Researchers at Children's Hospital of Philadelphia (CHOP) reported that fusion oncogenes, such as RET- and NTRK-gene fusions, are associated with more invasive pediatric thyroid cancers, correlating with the highest risk of metastases and a lower likelihood of achieving remission one year after initial therapy. The findings, published in the Journal of Clinical Oncology, contrast those previously established in adults, for whom BRAF mutations, not fusion oncogenes, are associated with more invasive disease that is less response to therapy.
"This study shows fusion oncogenes are more prevalent in pediatric thyroid cancer that is likely to spread to the lungs, whereas tumors with RAS-like and BRAF mutations are associated with low- and intermediate risk, respectively," said Andrew J. Bauer, MD, Director of the Pediatric Thyroid Center at Children's Hospital of Philadelphia and senior author of the study. "This provides an opportunity for increased collaboration among surgeons, endocrinologists, and oncologists to stratify the treatment of tumors, approaching RAS-like mutations with less extensive surgery, while also exploring the new treatment protocols using FDA-approved oncogene specific inhibitors to optimize the treatment of patients with lung metastasis."
The results from the CHOP thyroid team are a pediatric-specific follow-on study to the 2014 Cancer Genome Atlas (TCGA) report that classified adult papillary thyroid cancer (PTC) into two molecular subtypes – RAS-like or BRAF-like – and concluded that molecular classification more accurately reflected tumor behavior, including disease severity and prognosis. To determine whether the adult based TCGA classification predicted the similar clinical behavior and outcomes in pediatric patients with DTC, the CHOP researchers analyzed 131 pediatric thyroid tumors. Of those, 66 were collected and sequenced using the CHOP Division of Genomic Diagnostics platform between 2016 and 2019, with the remaining 65 collected between 1989 and 2012 and sequenced on a commercial platform. In analyzing the sequenced samples, the researchers categorized mutated genes into three categories: RAS-mutant, BRAF-mutant, and RET/NTRK fusions. The researchers evaluated these categories against numerous parameters, including patient demographics, thyroid pathology, and clinical characteristics.
The researchers found that the three-tier classification system more accurately reflected the clinical behavior of DTC in pediatrics. Based on the low prevalence of RAS-mutant tumors among the pediatric samples and their low-risk of metastasis, the CHOP researchers limited their statistical analysis to comparing samples with a BRAF mutation to samples with RET/NTRK fusions. The researchers found no distant metastasis in any patients with BRAF-mutant thyroid tumors, whereas 36% of patients with RET/NTRK fusions had distant metastasis. Persistent disease at one year was also more frequent in the subgroup harboring RET/NTRK fusions: 36%vs. 17% among those with a BRAF mutation.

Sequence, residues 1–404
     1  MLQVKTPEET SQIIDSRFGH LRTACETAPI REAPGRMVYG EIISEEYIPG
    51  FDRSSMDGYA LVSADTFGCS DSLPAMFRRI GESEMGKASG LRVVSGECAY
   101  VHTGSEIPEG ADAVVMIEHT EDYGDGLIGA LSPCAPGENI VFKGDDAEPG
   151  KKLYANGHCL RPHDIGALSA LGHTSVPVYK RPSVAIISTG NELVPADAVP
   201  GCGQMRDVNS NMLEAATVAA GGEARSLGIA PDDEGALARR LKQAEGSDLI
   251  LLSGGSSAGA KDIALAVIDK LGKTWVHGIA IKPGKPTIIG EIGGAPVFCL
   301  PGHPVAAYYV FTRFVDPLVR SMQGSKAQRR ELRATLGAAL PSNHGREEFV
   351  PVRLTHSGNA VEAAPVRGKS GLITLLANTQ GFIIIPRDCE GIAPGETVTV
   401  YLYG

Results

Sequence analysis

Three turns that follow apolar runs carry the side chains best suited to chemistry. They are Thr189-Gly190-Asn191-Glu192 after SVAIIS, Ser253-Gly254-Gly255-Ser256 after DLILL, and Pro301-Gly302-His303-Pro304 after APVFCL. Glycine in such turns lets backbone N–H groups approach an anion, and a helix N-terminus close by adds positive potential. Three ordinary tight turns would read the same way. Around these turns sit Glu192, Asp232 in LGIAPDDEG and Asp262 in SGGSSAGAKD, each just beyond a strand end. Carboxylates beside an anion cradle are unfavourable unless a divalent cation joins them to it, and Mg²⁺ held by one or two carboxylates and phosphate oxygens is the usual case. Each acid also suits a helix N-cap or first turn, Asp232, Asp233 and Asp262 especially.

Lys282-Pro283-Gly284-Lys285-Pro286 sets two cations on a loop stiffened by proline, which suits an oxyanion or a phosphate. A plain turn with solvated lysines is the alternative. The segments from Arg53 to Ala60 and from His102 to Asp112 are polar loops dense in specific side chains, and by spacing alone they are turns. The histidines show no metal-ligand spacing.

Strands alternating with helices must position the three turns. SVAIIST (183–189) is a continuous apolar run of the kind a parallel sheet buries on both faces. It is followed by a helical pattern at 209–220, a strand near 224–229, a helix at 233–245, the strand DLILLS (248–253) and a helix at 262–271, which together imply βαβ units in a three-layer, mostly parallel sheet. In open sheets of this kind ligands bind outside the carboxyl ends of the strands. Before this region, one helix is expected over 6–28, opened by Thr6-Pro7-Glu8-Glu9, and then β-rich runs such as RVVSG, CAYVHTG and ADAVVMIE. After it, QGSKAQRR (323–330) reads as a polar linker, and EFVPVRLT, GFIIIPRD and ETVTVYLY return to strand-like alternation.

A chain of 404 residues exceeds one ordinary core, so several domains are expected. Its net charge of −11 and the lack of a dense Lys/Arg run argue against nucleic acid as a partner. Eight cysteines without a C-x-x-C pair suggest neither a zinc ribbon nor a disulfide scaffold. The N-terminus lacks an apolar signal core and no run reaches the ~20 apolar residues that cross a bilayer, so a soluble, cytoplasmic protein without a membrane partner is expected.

In line with prior studies, the researchers also found that RET/NTRK fusions are more common in PTC patients under the age of 10. Of the samples in their analysis, 91% of those in patients under the age of 10 harbored fusion events. The prevalence gradually decreased in pediatric patients older than 10 years (27%) and into adulthood (9%). By contrast, only one BRAF mutation (9%) was found among patients under the age of 10, compared with 25 pediatric patients aged 10 years or older (20%) and 58% of adults with PTC.
"Considering the high prevalence of RET/NTRK fusions in pediatric differentiated thyroid cancer, and their association with more metastatic behavior, it will be crucial to generate the transcriptional signatures of RET/NTRK and BRAF-mutant subgroups in the pediatric population to understand the differential impact of these alterations on signaling pathways, differentiation, and clinical outcomes," said first author Aime T. Franco, PhD, investigator in the Center for Childhood Cancer Research and director of the Pediatric Thyroid Cancer Translational Research Laboratory at Children's Hospital of Philadelphia. "Future research in our Thyroid Center Frontier Program at CHOP will also investigate the underlying reason for the significant differences between children and adults when it comes to invasive disease, as well as the role of BRAF and RET/NTRK in response to radioiodine therapy."Back To Top
CHOP Defines Three-tiered Molecular Classification of Pediatric Differentiated Thyroid Cancer. Appl Rad Oncol.